"The trace beyond the human" : exploring nonhuman otherness and human exceptionalism in contemporary and popular literatures
Lethbridge, Alta. : University of Lethbridge, Dept. of English
Central to this examination is the questioning of the “culturally normal fantasy” (Haraway 267) of humanity’s pre-eminence in the current age known as the Anthropocene through the investigation of representations of humanity and non-humanity in Margaret Atwood’s Oryx and Crake, Cormac McCarthy’s The Road, Alan Moore’s Saga of the Swamp Thing, and Jeff Lemire’s Animal Man. These works question the alleged centrality of humanity, while offering new configurations with which to represent and understand the human in relation to the planet and its nonhuman inhabitants. Foundational to this interrogation of the human is the theoretical framework of posthumanism and ecocriticism, which see human exceptionalism as the discourse that enables the systemic destruction of the planet’s ecology and the exploitation of--and cruelty towards--nonhuman animals. Contemporary literatures, especially those which employ apocalypticism, are best able to represent and critique the practices which currently threaten the planet and its inhabitants.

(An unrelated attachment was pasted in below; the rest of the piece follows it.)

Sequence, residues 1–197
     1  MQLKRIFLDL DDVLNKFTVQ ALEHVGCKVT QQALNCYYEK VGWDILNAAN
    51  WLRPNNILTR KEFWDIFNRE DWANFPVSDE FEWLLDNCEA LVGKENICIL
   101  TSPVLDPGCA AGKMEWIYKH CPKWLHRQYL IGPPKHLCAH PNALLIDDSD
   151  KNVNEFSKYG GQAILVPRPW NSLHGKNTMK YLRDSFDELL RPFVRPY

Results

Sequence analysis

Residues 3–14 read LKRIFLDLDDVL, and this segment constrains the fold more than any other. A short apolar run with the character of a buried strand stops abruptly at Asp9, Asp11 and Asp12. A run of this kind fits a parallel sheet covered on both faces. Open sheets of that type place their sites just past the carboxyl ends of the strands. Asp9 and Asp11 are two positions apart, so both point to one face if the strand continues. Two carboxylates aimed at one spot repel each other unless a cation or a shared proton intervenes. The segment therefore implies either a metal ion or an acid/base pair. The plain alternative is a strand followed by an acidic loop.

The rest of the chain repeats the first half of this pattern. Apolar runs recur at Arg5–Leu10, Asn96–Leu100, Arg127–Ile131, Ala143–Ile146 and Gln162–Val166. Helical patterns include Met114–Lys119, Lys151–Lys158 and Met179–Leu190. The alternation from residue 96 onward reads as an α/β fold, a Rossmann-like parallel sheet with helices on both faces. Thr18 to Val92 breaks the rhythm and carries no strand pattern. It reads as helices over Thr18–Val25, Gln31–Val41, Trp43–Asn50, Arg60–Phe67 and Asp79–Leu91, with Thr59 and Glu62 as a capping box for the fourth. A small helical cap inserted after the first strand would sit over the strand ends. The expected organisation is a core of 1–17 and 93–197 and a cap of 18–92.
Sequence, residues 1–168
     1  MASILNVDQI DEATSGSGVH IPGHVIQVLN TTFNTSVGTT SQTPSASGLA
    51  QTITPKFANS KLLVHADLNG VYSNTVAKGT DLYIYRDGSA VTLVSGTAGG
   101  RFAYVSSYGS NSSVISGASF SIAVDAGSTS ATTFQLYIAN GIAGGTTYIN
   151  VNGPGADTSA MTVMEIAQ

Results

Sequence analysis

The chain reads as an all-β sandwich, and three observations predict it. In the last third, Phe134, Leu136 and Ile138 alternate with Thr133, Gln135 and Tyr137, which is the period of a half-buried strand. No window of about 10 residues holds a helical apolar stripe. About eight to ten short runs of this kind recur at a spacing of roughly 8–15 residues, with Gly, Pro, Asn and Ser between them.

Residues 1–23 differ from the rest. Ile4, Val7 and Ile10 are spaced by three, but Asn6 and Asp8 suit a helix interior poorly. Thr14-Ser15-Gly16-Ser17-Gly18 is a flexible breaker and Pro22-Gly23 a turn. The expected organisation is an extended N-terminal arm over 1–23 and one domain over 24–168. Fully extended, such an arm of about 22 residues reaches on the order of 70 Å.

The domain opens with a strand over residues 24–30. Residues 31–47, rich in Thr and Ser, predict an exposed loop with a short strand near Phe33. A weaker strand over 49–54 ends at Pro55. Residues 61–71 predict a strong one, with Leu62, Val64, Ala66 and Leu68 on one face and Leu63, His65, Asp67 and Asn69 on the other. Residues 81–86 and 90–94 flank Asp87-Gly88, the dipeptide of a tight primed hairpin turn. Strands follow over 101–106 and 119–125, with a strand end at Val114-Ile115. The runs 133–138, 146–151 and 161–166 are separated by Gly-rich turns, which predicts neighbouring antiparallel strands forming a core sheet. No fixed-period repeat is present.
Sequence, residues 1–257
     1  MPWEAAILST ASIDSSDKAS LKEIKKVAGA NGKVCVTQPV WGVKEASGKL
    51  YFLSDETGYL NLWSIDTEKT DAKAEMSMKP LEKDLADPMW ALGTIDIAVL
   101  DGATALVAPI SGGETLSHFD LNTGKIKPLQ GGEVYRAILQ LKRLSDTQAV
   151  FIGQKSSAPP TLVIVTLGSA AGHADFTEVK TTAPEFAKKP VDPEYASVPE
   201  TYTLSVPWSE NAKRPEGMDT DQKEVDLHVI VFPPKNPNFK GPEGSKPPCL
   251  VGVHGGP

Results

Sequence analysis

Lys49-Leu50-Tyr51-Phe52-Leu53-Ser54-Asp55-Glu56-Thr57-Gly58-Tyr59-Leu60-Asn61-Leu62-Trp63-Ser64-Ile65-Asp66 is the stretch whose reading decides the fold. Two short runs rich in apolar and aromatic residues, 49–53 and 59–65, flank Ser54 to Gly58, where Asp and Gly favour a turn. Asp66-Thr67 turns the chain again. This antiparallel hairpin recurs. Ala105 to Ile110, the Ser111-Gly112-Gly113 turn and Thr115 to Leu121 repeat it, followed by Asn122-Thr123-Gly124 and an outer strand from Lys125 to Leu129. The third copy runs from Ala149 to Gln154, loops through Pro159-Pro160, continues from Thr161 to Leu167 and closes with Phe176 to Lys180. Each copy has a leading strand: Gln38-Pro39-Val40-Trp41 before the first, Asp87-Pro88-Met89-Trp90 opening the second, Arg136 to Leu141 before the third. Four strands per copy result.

posthumanism , ecocriticism , nonhuman , anthropocentrism , human exceptionalism , Margaret Atwood , Cormac McCarthy , Alan Moore , Jeff Lemire , Swamp Thing , Animal Man , The Road , Oryx and Crake , apocalypse , dystopian , contemporary literature